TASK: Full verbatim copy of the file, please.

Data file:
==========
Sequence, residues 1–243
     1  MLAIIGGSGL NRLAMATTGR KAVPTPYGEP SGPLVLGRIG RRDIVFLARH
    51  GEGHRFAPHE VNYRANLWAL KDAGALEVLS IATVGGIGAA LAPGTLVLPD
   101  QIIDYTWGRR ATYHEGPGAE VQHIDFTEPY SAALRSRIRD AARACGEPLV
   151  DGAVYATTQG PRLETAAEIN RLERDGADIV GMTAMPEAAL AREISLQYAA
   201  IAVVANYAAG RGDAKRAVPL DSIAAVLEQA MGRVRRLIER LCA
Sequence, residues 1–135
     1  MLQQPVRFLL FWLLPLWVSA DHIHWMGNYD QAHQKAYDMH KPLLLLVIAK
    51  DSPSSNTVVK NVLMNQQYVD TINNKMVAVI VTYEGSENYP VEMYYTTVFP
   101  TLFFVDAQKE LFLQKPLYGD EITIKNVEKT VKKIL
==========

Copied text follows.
Sequence, residues 1–243
     1  MLAIIGGSGL NRLAMATTGR KAVPTPYGEP SGPLVLGRIG RRDIVFLARH
    51  GEGHRFAPHE VNYRANLWAL KDAGALEVLS IATVGGIGAA LAPGTLVLPD
   101  QIIDYTWGRR ATYHEGPGAE VQHIDFTEPY SAALRSRIRD AARACGEPLV
   151  DGAVYATTQG PRLETAAEIN RLERDGADIV GMTAMPEAAL AREISLQYAA
   201  IAVVANYAAG RGDAKRAVPL DSIAAVLEQA MGRVRRLIER LCA
Sequence, residues 1–135
     1  MLQQPVRFLL FWLLPLWVSA DHIHWMGNYD QAHQKAYDMH KPLLLLVIAK
    51  DSPSSNTVVK NVLMNQQYVD TINNKMVAVI VTYEGSENYP VEMYYTTVFP
   101  TLFFVDAQKE LFLQKPLYGD EITIKNVEKT VKKIL